5. ^ a b "Medgrid – the new French Desertec". renewablesinternational.net. 13 Dec 2010. Retrieved 27 Nov 2011. 
  6. ^ a b "Secretary General Ahmad Masa’deh expects the MEDGRID project to positively impact climate change". ufmsecretariat.org. 9 Dec 2010. Retrieved 27 Nov 2011. 
  7. ^ a b "MEDGRID : ELECTRICITY ACROSS MEDITERRANEAN: MASTER PLAN BY 2014.". goliath.ecnext.com. 24 Nov 2010. Retrieved 27 Nov 2011. 
  8. ^ a b "Huge medgrid joins giant solar desertec plan". greenprophet.com. 24 Nov 2011. Retrieved 27 Nov 2011. 
  9. ^ a b "EU Commission welcomes Desertec and Medgrid cooperation on solar energy in North Africa and the Middle East". Europa (web portal). 24 Nov 2011. Retrieved 27 Nov 2011.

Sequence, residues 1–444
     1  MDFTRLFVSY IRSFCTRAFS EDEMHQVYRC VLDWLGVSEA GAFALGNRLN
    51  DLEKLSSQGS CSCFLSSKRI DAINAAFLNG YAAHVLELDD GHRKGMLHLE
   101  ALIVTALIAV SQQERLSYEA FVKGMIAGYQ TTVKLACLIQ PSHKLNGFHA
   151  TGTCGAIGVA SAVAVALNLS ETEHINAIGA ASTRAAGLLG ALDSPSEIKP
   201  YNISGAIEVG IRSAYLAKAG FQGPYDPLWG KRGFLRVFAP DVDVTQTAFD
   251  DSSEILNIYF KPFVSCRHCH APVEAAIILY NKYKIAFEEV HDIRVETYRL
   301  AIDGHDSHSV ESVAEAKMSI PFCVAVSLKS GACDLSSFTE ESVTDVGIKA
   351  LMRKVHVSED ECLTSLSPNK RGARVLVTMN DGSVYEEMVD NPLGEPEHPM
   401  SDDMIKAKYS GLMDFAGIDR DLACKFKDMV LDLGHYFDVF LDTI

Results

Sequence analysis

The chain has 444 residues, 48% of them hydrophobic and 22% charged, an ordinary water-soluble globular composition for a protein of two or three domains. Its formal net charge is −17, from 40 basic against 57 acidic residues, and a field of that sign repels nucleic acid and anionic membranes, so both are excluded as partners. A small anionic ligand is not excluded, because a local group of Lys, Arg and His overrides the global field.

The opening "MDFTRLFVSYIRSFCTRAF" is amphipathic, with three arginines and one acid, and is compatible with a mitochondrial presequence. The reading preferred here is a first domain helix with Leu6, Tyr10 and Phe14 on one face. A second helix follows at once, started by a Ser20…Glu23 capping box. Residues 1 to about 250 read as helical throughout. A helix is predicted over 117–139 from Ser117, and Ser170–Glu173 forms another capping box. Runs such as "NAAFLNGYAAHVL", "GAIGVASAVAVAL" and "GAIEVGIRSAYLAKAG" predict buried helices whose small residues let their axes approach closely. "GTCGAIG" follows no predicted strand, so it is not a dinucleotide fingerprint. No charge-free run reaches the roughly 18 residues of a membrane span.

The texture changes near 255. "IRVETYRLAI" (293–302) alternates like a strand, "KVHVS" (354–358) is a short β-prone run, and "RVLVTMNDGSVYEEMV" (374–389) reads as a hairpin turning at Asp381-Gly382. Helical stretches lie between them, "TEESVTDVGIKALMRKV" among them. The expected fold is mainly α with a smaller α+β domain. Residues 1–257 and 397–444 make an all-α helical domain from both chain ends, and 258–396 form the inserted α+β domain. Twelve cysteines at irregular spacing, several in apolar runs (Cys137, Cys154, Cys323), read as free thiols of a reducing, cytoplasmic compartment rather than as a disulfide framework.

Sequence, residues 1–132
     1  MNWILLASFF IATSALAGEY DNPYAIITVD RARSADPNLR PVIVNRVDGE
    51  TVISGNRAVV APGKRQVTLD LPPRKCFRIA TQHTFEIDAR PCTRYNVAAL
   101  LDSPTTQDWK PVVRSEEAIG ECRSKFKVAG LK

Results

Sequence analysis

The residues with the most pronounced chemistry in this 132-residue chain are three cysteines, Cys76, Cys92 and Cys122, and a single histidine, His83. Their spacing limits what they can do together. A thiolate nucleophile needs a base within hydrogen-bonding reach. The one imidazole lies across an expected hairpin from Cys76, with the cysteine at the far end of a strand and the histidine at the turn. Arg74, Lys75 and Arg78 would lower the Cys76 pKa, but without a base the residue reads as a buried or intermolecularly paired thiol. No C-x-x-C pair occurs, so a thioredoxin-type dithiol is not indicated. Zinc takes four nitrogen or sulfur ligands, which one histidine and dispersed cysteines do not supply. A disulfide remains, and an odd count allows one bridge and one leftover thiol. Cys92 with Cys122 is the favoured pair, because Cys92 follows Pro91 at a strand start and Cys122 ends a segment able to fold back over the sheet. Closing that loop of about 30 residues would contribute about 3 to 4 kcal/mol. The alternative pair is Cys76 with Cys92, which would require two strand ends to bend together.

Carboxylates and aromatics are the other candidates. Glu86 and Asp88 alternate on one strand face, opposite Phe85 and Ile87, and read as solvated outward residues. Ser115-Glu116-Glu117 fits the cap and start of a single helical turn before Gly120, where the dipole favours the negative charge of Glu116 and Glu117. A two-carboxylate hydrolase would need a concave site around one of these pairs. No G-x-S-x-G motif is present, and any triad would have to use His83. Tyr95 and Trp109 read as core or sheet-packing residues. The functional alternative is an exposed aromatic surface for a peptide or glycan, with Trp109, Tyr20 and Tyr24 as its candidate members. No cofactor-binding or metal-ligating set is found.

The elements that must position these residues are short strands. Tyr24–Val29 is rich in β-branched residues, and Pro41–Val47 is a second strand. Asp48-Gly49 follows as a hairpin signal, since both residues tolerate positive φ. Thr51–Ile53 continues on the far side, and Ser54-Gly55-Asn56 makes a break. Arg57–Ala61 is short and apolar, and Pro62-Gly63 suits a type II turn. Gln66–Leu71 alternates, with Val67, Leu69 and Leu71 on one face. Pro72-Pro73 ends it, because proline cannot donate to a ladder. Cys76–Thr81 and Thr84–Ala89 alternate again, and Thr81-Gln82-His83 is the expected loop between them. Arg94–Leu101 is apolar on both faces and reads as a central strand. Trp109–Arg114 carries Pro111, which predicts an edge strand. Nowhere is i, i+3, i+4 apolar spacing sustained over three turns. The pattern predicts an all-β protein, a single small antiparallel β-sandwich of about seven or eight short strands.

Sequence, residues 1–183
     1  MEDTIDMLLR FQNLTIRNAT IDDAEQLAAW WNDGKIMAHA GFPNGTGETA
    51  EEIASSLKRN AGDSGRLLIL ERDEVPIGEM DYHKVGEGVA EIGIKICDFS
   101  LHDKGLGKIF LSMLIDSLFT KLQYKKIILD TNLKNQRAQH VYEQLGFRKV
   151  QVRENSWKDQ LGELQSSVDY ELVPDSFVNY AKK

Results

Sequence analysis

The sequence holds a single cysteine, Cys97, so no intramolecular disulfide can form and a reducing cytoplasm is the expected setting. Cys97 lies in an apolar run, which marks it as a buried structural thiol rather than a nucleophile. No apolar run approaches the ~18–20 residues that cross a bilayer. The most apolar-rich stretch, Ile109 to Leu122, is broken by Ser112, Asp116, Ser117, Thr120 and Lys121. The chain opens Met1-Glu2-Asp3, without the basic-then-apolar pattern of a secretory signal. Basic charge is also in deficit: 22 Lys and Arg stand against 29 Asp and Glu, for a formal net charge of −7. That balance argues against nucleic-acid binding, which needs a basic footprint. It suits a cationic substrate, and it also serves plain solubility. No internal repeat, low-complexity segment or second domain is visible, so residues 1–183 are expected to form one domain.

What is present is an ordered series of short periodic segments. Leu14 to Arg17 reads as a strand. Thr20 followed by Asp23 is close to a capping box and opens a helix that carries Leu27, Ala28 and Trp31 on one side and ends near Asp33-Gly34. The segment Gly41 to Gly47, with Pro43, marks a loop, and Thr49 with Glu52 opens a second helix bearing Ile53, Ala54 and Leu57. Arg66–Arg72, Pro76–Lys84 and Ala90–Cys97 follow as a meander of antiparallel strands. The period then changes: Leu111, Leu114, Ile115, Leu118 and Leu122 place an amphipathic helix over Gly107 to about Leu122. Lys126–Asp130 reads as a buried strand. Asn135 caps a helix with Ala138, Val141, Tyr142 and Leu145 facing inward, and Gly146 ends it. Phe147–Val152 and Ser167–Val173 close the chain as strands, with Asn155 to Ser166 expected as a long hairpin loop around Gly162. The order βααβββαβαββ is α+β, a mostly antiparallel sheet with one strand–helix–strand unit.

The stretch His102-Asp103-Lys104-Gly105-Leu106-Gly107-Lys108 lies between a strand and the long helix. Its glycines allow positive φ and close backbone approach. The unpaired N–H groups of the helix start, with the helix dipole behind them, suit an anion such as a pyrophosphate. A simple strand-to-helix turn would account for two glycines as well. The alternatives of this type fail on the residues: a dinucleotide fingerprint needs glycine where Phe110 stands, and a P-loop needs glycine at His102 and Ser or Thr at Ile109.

10. ^ a b "Medgrid Co developmental plan with Desertec project Secretary". dii-eumena.com. 2011. Retrieved 27 Nov 2011. 
  11. ^ a b "Arab Spring a short-term problem for solar-Medgrid". Reuters. 24 Nov 2011. Retrieved 27 Nov 2011. 
  12. ^ a b "Desertec and Medgrid: Competitive or compatible?". social.csptoday.com. 11 Mar 2011. Retrieved 27 Nov 2011. 
  13. ^ a b "Survey paper 2: A European Supergrid: Present State and Future Challenges Authors: S. Cole, K. Karoui, T.K. Vrana, O.B. Fosso, J.B. Curis, A.M. Denis, C.C. Liu". pscc-central.org. 22 Aug 2011. Retrieved 27 Nov 2011. 
  14. ^ a b c d "The Apollo, Desertec and Medgrid projects in the Mediterranean region: aiming to harness solar energy from the deserts". 4 March 2011. Retrieved 7 June 2012. 
  15. ^ "No Transition without Transmission". Medgrid-psm.com. 21 March 2012. Retrieved 7 June 2012. 

External links[edit]